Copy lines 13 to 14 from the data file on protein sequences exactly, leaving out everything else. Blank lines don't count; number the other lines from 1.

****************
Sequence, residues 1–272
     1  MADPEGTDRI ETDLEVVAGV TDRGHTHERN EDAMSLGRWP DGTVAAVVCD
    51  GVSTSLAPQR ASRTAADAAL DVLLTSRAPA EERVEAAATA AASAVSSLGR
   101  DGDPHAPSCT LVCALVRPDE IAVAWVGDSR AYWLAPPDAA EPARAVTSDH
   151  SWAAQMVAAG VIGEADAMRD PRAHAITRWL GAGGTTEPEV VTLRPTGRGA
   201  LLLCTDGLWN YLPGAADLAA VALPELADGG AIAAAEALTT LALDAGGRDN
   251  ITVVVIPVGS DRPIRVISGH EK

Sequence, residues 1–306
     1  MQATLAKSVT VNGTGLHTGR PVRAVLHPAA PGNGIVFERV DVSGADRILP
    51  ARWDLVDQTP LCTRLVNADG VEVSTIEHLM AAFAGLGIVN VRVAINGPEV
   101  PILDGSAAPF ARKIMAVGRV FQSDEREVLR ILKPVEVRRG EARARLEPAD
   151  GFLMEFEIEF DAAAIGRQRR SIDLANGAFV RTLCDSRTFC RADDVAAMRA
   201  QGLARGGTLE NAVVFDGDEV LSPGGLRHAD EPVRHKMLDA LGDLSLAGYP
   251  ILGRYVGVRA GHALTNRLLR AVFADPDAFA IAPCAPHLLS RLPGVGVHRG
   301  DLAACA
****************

   201  QGLARGGTLE NAVVFDGDEV LSPGGLRHAD EPVRHKMLDA LGDLSLAGYP
   251  ILGRYVGVRA GHALTNRLLR AVFADPDAFA IAPCAPHLLS RLPGVGVHRG